One Day

Allen Hall Theatre, University of Otago, Dunedin

26/03/2009 - 30/03/2009

Dunedin Fringe 2006-9

Production Details

One day Paddy and Karen meet on a beach. One day. Like any other. But this day will change their lives. Because one day can be different from all the rest. Because one day is all it takes.

Dates: 26, 27, 28, 29, 30 March 2009
Venue: Allan Hall Rehearsal Room, Allen Hall Theatre, University of Otago
Time: 8pm (Duration 70 mins)
Prices: Full: $15 Concession: $10
Tickets: Door Sales Only

Paddy:  Simon O'Connor  
Karen:  Barbara Power

The extraordinary experienced in an ordinary room

Review by Poppy Haynes 28th Mar 2009

RBS Productions’ devised theatre piece One Day demonstrates the rich possibilities of ‘poor’ theatre.  The play begins with an encounter between two strangers at Vauxhall beach and follows in real time the next hour of their relationship.  As Paddy (played by Simon O’Connor) and Karen (played by Barbara Power) get talking, at first haltingly, and later with less embarrassment, we start to learn about the larger currents in their lives that have brought them to the beach.

The gentle humour of the initial awkward meeting gradually gives way to friendly banter and more frank disclosure of personal histories and memories.  Throughout, the naturalistic acting is understated and nuanced.  The particularly memorable O’Connor negotiates emotional and thematic gear-changes with subtle proficiency and Power deploys a broad emotional register to honour the slightly off-beat Karen. 

The naturalness of the performance perhaps bears testament to the method through which the play was collectively devised by O’Connor, Power, and director Richard Huber.  The group used Mike Lee’s devising method, in which actors use a person from their own life to spark the development of a fictional character.  They then brought the two characters together and developed One Day from improvisations. 

The actors have learned scenarios, rather than a written script and it perhaps partly because of this that the dialogue captures the rhythm of conversational speech so well.  In this play the characters talk over the top of each other, interrupt, trail off, repeat themselves and stumble over words in a way that is closer to real speech than most scripted drama.

The play is performed in the Allen Hall seminar room without set or stage lighting.  A single row of seats along each side-wall marks out the traverse performance space.  It might be tempting to stage this play in a subtly lit black box in a working theatre, with the waves breaking in surround sound.  This, however, would make One Day a totally different play.  The ‘un-theatrical’ performance space – a wastepaper bin and a fire extinguisher in one corner, and fluorescent tube ceiling lights illuminating both actors and audience – becomes central to the play’s exploration of the extraordinary being contained within the ordinary; in this ordinary space the extraordinary transformations of theatre occur.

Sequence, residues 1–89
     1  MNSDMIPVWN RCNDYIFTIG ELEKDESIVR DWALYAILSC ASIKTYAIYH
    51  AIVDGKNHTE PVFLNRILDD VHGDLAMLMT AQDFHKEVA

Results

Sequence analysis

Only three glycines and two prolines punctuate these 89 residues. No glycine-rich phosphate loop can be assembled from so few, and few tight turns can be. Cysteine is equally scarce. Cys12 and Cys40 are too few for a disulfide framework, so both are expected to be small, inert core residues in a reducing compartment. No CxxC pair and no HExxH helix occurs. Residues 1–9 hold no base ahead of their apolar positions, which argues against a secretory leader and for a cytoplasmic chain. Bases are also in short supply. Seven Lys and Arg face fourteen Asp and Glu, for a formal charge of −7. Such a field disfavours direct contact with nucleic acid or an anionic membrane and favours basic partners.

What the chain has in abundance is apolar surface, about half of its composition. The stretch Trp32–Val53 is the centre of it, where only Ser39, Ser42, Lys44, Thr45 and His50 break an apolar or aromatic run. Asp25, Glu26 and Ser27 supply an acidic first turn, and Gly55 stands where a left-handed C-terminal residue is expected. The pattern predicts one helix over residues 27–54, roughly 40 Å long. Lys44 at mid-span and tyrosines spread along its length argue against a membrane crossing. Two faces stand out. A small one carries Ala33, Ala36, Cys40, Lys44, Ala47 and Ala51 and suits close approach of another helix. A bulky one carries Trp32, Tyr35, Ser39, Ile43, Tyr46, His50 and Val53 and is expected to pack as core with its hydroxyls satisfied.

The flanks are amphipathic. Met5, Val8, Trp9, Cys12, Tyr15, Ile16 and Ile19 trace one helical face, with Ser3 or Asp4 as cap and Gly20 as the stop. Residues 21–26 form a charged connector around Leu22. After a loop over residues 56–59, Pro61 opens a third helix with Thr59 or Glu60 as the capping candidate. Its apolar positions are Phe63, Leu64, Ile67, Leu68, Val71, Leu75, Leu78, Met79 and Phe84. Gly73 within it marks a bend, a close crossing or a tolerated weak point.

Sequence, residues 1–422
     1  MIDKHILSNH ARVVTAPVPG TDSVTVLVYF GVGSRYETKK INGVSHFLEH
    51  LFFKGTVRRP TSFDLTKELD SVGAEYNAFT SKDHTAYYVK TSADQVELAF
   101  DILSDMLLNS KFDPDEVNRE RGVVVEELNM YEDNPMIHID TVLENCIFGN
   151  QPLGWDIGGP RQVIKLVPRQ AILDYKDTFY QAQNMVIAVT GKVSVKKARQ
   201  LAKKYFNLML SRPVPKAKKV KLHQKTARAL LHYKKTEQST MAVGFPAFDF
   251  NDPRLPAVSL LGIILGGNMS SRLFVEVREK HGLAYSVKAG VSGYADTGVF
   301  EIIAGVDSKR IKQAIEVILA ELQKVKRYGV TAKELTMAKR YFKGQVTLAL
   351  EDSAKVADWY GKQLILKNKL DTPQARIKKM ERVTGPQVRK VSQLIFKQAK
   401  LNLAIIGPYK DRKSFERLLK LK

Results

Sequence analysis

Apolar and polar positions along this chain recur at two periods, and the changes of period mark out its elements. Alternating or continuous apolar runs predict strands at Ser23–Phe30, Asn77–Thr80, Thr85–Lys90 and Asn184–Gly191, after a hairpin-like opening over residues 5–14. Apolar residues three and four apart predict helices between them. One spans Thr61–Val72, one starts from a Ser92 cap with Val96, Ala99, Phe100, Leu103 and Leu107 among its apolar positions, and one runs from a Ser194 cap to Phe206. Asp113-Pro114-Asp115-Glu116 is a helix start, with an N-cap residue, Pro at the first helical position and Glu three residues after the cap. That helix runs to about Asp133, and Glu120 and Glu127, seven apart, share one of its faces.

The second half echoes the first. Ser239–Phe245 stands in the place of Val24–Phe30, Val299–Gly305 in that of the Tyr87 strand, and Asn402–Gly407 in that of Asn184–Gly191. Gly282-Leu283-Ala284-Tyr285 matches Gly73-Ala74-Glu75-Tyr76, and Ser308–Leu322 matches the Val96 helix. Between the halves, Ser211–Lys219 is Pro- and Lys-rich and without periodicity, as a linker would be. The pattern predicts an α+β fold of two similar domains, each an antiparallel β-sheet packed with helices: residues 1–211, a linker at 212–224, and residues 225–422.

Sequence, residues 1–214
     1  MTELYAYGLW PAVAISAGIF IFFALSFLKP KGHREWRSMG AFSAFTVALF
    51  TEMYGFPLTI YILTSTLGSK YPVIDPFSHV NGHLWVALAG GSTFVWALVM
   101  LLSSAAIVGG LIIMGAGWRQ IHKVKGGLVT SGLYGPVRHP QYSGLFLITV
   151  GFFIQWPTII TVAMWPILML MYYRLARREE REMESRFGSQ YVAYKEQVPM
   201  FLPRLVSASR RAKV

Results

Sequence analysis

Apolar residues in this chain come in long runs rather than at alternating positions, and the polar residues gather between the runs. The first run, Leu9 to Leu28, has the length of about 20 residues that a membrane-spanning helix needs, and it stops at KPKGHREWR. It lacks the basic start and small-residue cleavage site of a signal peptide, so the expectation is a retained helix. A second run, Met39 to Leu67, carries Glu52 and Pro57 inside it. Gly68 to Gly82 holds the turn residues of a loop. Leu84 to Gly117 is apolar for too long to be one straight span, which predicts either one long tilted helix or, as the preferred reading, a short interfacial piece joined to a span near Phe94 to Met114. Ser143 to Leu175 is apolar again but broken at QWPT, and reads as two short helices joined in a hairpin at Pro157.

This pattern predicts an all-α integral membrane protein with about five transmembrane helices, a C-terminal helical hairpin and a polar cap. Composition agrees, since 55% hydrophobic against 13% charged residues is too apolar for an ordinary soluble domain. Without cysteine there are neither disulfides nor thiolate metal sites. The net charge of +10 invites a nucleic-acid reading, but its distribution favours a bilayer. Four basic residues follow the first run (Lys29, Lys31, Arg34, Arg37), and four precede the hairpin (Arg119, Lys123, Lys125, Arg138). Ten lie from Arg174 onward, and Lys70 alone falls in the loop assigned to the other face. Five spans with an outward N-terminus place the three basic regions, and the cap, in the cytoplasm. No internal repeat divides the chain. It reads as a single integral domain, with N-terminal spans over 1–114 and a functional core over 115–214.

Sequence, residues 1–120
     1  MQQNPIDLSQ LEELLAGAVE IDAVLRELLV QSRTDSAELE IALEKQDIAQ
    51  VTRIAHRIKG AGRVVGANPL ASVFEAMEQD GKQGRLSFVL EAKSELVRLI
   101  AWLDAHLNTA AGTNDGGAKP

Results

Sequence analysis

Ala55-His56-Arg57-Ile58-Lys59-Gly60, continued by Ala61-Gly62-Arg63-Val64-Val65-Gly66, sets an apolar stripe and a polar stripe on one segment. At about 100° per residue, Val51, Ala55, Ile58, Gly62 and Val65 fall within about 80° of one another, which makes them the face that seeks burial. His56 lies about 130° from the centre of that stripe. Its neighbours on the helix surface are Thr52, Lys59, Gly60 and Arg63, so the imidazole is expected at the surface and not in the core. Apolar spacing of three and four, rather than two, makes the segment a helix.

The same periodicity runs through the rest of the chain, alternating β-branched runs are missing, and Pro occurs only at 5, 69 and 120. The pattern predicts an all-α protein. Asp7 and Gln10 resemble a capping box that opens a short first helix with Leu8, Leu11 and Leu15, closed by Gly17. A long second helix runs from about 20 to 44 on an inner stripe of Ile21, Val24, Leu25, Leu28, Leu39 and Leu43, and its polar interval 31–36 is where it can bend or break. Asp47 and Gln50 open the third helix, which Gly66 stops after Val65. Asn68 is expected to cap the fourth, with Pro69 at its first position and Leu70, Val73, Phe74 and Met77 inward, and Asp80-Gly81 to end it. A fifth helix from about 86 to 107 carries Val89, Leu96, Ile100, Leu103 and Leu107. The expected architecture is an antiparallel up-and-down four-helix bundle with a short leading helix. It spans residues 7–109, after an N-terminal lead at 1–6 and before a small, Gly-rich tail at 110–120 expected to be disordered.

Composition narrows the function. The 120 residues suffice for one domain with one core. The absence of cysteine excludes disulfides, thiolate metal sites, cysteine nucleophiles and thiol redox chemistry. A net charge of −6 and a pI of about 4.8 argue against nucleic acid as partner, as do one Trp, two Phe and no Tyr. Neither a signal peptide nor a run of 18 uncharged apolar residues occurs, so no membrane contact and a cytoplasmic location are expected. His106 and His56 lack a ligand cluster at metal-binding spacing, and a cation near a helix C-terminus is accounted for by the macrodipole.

The staging is not overly spare, but the economy with which props are used imbues these objects with greater significance.  It leaves space for the characters’ speech and action to paint in the scenery: windsurfers and kiteboarders, passing traffic, the bays scalloping the edge of the harbour.  The props that are used seem to tap into larger elemental forces.  Karen’s dripping wetsuit brings us close to the sea, there is the naked blue flame of a primus, hot water is poured from a thermos and the smell of cooking Kibbih adds sensory richness to the uncluttered performance.

Huber’s staging makes the audience part of the performance.  Paddy and Karen’s connection is paralleled in the sense of community between audience members who can watch each other, make eye contact, notice who laughs and who is quiet.

The structuring of the play is deceptively simple: for an hour a nurse and windsurfer talk and share food.  However, like the soundscape of breaking waves the play ebbs and flows, building and releasing tension, bringing the characters in physical proximity and then drawing them back to opposite ends of the performance space.  As the characters reveal more to each other, parallels between their lives become more apparent and certain themes begin to surface.  Loss, displacement, dignity and the possibility of happiness in adversity all seem to echo across the stories they tell.  We come to realise that this is a meeting of two people both travelling but paradoxically unable to move forward in their lives.  The only way they know how to be is now untenable. 

There is the suggestion that this meeting will spark change for both characters. 
The play ends with two significant gestures: Paddy, who hates water, allows Karen to stand him on her windsurfer and in a languid, dreamlike sequence imagines sailing around the world.  Karen, who has vigorously refused to try Paddy’s meal because she "doesn’t like ethnic food", finally tastes the fragrant Kibbih. 
From these two small gestures, we imagine, the characters both push off from their past and reach out to the future. 

We leave the ordinary room having experienced something extraordinary.


Make a comment

Wellingon City Council
Aotearoa Gaming Trust
Creative NZ
Auckland City Council